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SORANUS, Greek physician, born at Ephesus, lived during the reigns of Trajan and Hadrian (A.D. 98-138). According to Suidas, he practised in Alexandria and subsequently in Rome. He was the chief representative of the school of physicians known as " methodists." Two treatises by him are extant : On Fractures (in J. L. Ideler, Physici et medici minores, L 1841) and On Diseases of Women (first published in 1838, later by V. Rose, in 1882, with a 6th-century Latin translation by Moschio, a physician of the same school). Of his most important work (On Acute and Chronic Diseases) only a few fragments in Greek remain, but we possess a complete Latin translation by Caelius Aurelianus (sth century). The Life of Hippocrates (in Ideler) probably formed one of the collection of medical biographies by Soranus referred to by Suidas, and is valuable as the only authority for the life of the great physician, with the exception of articles in Suidas and Stephanus of Byzantium (s.v. Kcis). The Introduction to the Science of Medicine (V. Rose, Anecdota graeca, ii. 1870) is considered spurious.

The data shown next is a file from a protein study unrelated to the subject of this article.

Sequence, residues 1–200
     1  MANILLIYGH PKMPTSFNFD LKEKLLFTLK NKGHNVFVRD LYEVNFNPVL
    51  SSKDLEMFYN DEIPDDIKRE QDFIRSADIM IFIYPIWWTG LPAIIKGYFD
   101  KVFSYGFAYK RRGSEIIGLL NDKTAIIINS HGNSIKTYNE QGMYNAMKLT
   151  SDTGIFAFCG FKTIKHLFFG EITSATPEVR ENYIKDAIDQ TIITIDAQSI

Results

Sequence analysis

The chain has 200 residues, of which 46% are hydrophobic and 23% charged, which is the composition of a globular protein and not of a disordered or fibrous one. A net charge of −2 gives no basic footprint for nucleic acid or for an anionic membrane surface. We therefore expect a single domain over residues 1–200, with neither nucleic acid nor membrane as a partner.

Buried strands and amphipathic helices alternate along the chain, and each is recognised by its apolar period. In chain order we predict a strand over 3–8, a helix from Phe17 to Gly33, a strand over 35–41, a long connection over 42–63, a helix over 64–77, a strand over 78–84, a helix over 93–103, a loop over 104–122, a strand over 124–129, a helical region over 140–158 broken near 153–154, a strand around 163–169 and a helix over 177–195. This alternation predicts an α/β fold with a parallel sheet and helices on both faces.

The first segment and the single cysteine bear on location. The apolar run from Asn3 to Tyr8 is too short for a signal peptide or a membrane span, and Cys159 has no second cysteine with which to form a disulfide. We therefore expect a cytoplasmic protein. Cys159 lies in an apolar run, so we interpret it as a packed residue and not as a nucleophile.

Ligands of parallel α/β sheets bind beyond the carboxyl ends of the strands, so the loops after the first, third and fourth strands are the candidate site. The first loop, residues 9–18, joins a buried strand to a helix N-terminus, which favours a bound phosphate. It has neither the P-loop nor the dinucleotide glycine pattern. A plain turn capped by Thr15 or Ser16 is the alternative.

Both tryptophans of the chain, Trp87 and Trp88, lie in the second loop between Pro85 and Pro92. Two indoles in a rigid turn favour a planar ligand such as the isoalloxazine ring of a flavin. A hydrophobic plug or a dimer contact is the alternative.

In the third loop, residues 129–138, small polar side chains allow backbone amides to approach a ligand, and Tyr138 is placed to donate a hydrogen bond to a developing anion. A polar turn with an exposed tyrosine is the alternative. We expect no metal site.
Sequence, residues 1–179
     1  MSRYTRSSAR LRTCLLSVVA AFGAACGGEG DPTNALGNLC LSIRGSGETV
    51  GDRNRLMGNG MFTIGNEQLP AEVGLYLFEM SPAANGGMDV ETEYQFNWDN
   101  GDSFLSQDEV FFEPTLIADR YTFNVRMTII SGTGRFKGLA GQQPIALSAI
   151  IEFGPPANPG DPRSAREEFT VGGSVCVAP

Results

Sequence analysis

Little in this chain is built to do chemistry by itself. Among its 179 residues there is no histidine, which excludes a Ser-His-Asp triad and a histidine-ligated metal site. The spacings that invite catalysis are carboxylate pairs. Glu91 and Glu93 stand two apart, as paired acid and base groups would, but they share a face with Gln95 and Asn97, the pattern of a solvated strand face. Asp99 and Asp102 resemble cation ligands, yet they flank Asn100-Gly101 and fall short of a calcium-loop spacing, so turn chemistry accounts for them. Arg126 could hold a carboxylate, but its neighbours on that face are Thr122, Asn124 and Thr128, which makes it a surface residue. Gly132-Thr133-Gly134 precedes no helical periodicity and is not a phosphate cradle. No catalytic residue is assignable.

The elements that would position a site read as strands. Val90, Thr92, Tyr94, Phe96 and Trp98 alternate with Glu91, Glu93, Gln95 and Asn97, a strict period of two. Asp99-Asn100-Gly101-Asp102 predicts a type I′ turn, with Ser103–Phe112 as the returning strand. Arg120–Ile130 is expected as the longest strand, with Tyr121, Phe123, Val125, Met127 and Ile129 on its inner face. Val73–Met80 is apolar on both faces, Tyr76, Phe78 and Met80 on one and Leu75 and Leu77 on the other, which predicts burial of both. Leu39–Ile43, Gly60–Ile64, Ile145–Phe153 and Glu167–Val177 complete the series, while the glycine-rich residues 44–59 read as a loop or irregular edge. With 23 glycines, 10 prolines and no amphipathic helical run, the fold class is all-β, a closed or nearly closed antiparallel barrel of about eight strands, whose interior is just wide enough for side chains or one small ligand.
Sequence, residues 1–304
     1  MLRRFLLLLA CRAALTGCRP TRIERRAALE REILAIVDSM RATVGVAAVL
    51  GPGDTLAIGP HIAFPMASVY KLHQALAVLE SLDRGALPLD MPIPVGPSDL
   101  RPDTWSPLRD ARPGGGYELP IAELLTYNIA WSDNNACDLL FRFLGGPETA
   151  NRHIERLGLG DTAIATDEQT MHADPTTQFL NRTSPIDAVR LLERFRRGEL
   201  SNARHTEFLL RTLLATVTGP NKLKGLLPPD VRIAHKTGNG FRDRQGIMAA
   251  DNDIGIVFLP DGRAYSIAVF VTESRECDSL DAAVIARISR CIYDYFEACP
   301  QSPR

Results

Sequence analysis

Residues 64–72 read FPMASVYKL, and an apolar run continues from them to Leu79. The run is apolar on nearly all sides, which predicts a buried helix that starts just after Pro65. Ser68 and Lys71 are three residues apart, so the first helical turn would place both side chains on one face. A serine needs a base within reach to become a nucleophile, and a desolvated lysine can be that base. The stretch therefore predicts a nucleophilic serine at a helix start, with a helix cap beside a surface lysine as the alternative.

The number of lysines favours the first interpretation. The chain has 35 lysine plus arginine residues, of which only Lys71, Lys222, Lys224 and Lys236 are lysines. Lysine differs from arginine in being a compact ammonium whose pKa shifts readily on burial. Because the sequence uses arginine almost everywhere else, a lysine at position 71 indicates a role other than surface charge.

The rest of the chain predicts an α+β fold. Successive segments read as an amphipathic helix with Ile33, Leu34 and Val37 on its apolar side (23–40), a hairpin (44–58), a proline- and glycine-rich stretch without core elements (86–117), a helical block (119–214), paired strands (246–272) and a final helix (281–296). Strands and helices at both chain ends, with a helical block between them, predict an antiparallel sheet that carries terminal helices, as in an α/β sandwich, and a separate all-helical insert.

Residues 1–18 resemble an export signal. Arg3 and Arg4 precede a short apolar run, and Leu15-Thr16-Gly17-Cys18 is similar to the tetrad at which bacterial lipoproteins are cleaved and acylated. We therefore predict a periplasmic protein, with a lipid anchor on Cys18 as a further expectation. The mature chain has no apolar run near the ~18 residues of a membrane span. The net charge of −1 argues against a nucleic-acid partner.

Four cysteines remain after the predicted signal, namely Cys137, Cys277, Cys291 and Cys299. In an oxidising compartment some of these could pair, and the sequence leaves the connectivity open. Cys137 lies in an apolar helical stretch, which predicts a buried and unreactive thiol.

See article by J. Hahn, in Dechambre's Dictionnaire encyclopediqite des sciences medicales, 3rd series, torn. 10; W. Christ, Geschichte der griechischen LUteratur (1898); J. Ilberg. Die Vberlieferung der Gynaekologie des Soranos von Ephesos (Leipzig, 1910).

Note - this article incorporates content from Encyclopaedia Britannica, Eleventh Edition, (1910-1911)

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